While the data above is too sparse to permit speculation, with any degree of precision, regarding the annual national applicant pool for creative writing doctoral programs, it does suggest that the total figure is likely well under one thousand, meaning that the 2012 Poets & Writers Magazine creative writing doctoral program rankings have surveyed, for their overall popularity measure, more than 15 percent of an annual cohort of such applicants. This compares favorably to similar percentages for full- and low-residency programs (see “Full-Residency Rankings: Introduction” and “Low-Residency Rankings,” above).
THE DOCTORAL RANKINGS CHART: ADDITIONAL PROGRAM MEASURES
Creative Writing Job Placement
The methodology for this measure was identical to that employed for full- and low-residency MFA programs (see “The Full-Residency Rankings Chart: Additional Program Measures: Job Placement”) with the exception that job placement “events” involving graduates of creative writing doctoral programs were used to create a separate and distinct job placement ranking for such programs. Necessarily, the “N” for this measure was much lower than for full-residency programs, though also much higher than for low-residency programs, whose graduates usually do not enter the academic job market upon graduation due to their in-program employment status. In all, 33 of the 145 hiring events analyzed between 2008 and 2011 (23 percent) involved individuals with creative writing doctoral degrees.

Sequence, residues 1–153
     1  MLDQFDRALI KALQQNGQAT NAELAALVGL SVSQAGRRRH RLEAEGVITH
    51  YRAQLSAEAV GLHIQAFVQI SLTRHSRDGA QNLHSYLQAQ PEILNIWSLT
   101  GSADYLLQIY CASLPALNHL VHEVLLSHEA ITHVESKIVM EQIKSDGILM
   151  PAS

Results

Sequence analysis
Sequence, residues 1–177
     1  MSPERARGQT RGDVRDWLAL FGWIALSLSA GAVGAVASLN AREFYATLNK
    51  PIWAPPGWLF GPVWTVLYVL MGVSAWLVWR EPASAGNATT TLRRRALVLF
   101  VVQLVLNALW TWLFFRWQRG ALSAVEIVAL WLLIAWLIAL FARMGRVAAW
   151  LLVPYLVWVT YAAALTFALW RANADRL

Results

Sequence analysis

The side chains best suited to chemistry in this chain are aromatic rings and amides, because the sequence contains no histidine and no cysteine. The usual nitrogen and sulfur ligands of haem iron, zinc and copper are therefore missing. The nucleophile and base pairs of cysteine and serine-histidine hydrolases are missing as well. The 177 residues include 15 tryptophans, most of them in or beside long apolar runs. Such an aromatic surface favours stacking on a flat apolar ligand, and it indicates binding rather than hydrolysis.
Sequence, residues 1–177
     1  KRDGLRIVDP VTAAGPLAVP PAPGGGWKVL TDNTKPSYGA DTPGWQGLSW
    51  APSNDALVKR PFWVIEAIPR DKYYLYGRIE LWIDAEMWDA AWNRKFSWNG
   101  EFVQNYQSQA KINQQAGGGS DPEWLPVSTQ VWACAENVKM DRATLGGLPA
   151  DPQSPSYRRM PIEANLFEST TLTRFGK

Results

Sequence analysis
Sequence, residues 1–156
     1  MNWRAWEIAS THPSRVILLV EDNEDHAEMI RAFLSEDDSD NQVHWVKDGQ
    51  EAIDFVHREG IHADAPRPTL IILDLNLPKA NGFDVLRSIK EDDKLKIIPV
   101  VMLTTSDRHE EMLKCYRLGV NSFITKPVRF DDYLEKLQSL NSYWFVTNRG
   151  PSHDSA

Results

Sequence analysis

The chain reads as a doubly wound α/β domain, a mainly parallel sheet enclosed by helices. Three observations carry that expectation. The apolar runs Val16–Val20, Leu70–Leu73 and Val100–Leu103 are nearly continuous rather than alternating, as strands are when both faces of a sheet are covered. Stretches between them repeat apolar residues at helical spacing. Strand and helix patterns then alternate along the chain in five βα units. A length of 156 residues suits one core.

Departmental Job Placement and Departmental Reputation
In 2010, the National Research Council (NRC), a federally-funded entity, released its first comprehensive analysis of the nation’s doctoral programs in the humanities, social sciences, and sciences in fifteen years. NRC analyses are generally considered the “gold standard” for doctoral rankings in the United States, though the NRC has never provided an assessment of creative writing doctoral programs in its more than a quarter-century of providing roughly-once-per-decade assessments of the nation’s doctoral degrees. Data collection for the 2010 report began in June 2006, with the final release of the report delayed several times between 2008 and 2010.